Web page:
Following the organization of cotton exchanges in New York (1870) and New Orleans (1871), Memphis cotton buyers pushed for an exchange in Memphis. Initial attempts to organize the institution failed, though, because most of the cotton factors feared that the proposed exchange would develop a “ring” for futures trading, as the New York and New Orleans exchanges had done. Many factors, who sold cotton on commission for planters, believed that speculation in futures depressed prices.
When the Memphis Cotton Exchange formally opened at the end of 1873, it established a “spot” market with no provision for trading in futures contracts. Cotton sent to Memphis was bought and sold on the spot. Apart from two short-lived ventures into futures trading, Memphis remained a spot market.
Members formulated rules to govern the buying and selling of cotton. The regulations standardized trade practices based on past customs, and the exchange established a reliable system for grading cotton. Violations of the rules were punishable by the revocation of membership. In order to insure compliance with the rules, members could not trade with nonmembers.
The exchange arranged to receive price quotations from all important cotton markets. It also kept members informed about crop conditions and other matters of interest. Cotton merchants who declined to join the exchange soon found they could not compete without access to the information.
Arbitration became another key function of the Memphis Exchange. The proliferation of verbal contracts, sales based on samples, and the many staple lengths and grades of cotton being traded resulted in numerous disputes. By keeping disagreements out of the courts the Memphis Cotton Exchange saved cotton merchants from expensive litigation. Relying on sales contracts based on honor rather than documents speeded up business transactions.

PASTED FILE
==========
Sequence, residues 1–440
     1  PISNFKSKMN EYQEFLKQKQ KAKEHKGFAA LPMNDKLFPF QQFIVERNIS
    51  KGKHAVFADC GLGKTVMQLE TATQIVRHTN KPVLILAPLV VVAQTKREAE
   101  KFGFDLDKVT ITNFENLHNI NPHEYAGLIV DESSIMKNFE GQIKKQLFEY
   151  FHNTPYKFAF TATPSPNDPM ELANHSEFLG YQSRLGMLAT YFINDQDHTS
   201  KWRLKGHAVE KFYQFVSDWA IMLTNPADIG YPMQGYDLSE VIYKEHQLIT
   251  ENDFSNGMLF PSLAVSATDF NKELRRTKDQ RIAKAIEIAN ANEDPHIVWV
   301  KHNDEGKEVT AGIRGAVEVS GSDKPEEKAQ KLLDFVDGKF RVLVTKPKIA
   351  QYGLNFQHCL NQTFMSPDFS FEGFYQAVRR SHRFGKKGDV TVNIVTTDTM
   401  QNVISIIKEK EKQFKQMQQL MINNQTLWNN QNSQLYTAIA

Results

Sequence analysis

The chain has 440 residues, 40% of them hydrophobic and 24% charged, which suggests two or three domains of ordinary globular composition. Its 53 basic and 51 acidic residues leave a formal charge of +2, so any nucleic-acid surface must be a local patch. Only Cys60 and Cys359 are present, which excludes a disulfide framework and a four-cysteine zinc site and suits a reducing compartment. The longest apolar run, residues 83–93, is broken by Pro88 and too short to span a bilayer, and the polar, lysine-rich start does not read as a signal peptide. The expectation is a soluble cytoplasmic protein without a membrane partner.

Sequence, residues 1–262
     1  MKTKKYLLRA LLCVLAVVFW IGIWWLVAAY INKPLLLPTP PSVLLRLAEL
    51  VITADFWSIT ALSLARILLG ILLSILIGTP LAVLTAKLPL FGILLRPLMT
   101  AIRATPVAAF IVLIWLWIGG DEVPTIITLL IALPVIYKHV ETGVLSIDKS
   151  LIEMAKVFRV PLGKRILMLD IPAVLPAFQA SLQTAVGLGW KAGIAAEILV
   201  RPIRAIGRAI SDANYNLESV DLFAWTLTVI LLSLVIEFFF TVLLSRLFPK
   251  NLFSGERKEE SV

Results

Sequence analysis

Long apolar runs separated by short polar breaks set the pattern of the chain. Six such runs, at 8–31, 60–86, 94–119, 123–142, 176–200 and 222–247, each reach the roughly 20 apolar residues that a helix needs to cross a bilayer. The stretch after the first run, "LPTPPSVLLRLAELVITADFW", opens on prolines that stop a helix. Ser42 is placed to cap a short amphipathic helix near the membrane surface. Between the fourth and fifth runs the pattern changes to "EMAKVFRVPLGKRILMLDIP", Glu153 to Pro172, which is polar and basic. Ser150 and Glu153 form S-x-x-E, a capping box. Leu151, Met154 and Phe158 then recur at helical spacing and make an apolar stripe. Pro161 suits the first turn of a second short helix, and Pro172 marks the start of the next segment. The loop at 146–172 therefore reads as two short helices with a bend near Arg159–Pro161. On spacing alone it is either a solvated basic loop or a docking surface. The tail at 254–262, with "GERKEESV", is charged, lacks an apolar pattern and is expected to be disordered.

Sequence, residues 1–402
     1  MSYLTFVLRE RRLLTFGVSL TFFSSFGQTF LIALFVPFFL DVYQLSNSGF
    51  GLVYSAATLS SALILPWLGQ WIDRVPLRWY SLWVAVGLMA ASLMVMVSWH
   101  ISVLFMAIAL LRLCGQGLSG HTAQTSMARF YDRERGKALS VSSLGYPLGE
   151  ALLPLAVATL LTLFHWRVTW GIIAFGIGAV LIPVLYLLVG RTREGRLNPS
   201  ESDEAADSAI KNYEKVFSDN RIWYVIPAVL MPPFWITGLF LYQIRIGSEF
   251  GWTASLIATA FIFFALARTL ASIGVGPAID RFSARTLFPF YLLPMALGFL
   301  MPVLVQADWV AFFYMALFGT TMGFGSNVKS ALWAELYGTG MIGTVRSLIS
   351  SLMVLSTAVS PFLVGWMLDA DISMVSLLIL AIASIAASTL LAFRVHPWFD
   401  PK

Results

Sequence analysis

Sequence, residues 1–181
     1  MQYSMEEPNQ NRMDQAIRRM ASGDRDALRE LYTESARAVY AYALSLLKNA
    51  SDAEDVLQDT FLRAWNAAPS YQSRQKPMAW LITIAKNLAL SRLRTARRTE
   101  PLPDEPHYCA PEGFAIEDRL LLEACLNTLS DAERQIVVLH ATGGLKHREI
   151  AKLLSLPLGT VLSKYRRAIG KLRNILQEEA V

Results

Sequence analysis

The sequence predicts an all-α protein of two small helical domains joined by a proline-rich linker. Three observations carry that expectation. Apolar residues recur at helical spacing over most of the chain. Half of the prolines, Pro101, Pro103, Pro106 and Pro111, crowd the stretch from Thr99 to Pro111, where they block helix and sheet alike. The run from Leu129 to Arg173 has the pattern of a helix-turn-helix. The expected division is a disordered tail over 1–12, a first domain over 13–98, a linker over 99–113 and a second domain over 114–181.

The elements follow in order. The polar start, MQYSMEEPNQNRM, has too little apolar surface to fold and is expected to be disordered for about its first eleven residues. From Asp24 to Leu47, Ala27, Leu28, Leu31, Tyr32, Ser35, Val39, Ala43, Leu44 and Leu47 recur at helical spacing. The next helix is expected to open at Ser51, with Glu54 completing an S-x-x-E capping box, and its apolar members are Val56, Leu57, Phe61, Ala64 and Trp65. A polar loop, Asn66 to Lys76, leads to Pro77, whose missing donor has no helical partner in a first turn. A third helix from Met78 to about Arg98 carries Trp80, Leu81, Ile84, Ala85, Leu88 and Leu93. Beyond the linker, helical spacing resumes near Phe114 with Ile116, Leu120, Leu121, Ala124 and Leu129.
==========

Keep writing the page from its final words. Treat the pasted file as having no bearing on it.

The Memphis Cotton Exchange promoted cotton bought and sold in its market and worked to increase the volume of cotton passing through its warehouses. In the past, Memphis cotton had often been marketed under the name of the port from which it was shipped. The exchange sent samples of the different grades of cotton traded in Memphis to Liverpool, New York, and New Orleans and requested separate quotes and prices for Memphis grades. To advertise their product, the exchange periodically gave a prize for the best bale of cotton received in the Bluff City and sent the prize-winning bale to fairs in the United States and Europe.
With the diversification of the Memphis economy, collection of cotton statistics by federal agencies, and a declining number of cotton-buying firms, the Memphis Cotton Exchange no longer sustains the commanding presence it once did.